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Sue Harp wrote:

Hi, guys —

  • When was the first Lent on record practiced in the Catholic Church?

Sue

  { When was the first Lent on record practiced in the Catholic Church? }

Mike replied:

Hi, Sue —

Thanks for the question.

I assume that you are referring to the Church's liturgical celebration of Lent.

Lenten practices go all the way back to the 200's A.D., if not earlier, but the Church didn't have a liturgical calendar with the Season of Lent on it until after the Council of Trent from 1568 to 1570 A.D. This New Advent article on Lent states:

Origin of the custom

Some of the Fathers as early as the fifth century supported the view that this forty days' fast was of Apostolic institution. For example, St. Leo (d. 461) exhorts his hearers to abstain that they may "fulfill with their fasts the Apostolic institution of the forty days" — ut apostolica institutio quadraginta dierum jejuniis impleatur (P.L., LIV, 633), and the historian Socrates (d. 433) and St. Jerome (d. 420) use similar language (P.G., LXVII, 633; P.L., XXII, 475).

But the best modern scholars are almost unanimous in rejecting this view, for in the existing remains of the first three centuries we find both considerable diversity of practice regarding the fast before Easter and also a gradual process of development in the matter of its duration. The passage of primary importance is one quoted by Eusebius (Church History V.24) from a letter of St. Irenaeus to Pope Victor in connection with the Easter controversy. There Irenaeus says that there is not only a controversy about the time of keeping Easter but also regarding the preliminary fast. "For", he continues, "some think they ought to fast for one day, others for two days, and others even for several, while others reckon forty hours both of day and night to their fast".

New Advent also had an article on the Christian Calendar which said:

The modern calendar imposed by authority

It will have been inferred from what has been said above that considerable divergence prevailed among the calendars in use at the close of the Middle Ages. This lack of uniformity degenerated into an abuse, and was a fertile source of confusion. Hence the new Roman Breviary and Missal, which in accordance with a decree of the Council of Trent eventually saw the light in 1568 and 1570 respectively, contained a new calendar. Like other portions of the new liturgical code, the observance of the new calendar was made obligatory upon all churches which could not prove a prescription of two hundred years in the enjoyment of their own distinctive customs.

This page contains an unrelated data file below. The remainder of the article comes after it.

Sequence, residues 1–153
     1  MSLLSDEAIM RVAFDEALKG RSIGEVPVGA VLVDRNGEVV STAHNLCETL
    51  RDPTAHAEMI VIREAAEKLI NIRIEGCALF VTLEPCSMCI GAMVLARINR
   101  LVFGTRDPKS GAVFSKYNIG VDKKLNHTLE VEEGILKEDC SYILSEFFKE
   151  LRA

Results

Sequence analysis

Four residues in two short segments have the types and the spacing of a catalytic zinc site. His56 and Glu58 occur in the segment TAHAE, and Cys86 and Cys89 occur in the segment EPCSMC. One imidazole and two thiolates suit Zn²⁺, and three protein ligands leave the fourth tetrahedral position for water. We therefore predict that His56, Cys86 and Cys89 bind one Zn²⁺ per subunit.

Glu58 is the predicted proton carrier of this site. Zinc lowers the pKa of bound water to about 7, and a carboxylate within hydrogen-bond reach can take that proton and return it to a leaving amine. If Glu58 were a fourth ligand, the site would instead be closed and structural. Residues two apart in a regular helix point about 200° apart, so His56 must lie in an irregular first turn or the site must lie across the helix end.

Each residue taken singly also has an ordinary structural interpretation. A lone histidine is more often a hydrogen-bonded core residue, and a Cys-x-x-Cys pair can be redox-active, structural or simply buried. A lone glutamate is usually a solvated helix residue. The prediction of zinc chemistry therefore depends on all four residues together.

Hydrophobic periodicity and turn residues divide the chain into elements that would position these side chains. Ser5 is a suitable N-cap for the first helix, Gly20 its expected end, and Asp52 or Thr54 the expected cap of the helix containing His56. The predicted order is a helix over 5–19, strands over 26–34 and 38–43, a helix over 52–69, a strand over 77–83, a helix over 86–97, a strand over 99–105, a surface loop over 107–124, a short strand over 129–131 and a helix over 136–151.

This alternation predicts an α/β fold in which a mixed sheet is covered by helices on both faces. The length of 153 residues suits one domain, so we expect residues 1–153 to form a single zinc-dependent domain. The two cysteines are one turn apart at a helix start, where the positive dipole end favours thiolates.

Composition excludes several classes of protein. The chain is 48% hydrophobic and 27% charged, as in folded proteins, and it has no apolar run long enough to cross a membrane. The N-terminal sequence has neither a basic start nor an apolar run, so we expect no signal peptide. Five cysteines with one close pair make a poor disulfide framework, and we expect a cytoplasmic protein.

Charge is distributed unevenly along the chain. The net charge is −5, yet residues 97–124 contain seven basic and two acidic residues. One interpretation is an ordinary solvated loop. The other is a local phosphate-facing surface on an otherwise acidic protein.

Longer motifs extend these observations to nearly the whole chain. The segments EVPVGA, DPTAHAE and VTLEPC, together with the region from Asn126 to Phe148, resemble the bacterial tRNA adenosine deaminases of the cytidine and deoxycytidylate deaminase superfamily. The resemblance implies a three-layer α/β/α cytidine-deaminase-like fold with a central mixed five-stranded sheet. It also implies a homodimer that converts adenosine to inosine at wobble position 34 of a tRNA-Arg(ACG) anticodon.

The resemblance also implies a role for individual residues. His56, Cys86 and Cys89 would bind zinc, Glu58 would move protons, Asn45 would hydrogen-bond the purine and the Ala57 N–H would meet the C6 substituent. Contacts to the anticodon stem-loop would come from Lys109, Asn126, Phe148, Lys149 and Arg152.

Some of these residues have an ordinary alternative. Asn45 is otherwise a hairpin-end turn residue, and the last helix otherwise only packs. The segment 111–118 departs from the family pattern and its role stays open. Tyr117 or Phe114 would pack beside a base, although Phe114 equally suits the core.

Under the earliest calendars section, the article said:

As feasts and Saints' days multiplied, it became desirable that some sort of record should be kept of them. We may divide the documents of this kind, roughly speaking, into two categories: Calendars and Martyrologia, both officially recognized by the Church. A calendar in its ecclesiastical sense is simply a list of the feasts kept in any particular church, diocese, or country, arranged in order under their proper dates. A martyrologium was originally, as its name implies, a record of martyrs, but it soon assumed a more general character, extending to all classes of saints and embracing all parts of the world.

This portion of the article goes on to say that the first calendar that did not have pagan festivals was the "Calendar of Carthage", and which belongs to the closing years of the sixth century.
It presents a considerable array of martyrs, mostly African, but also included some of the more famous of those of Rome.

Earlier in point of time (c. 410), is a compilation preserved to us in Syriac, of Oriental and Arian origin. It was first published by the English Orientalist, William Wright, and has since been edited by Duchesne and De Rossi in their edition of the "Martyrologium Hieronymianum" (Acta Sanctorum, Nov., vol. II). The Syriac document is chiefly important as witnessing to one of the main sources, direct or indirect, of that famous martyrologium, but it also shows how even in the East,
a calendar was being formed in the fourth century which took notice of the martyrs of Nicomedia, Antioch, and Alexandria, with even a few Western entries like
Sts. Perpetua and Felicitas (7 March), and probably Xystus. Sts. Peter and Paul are commemorated on 28 December, which may be a mere error, Sts. John and James on 27 December, St. Stephen on 26 December, which is still his proper day.

I suggest all our readers read both articles. They were very interesting.

I hope this helps,

Mike

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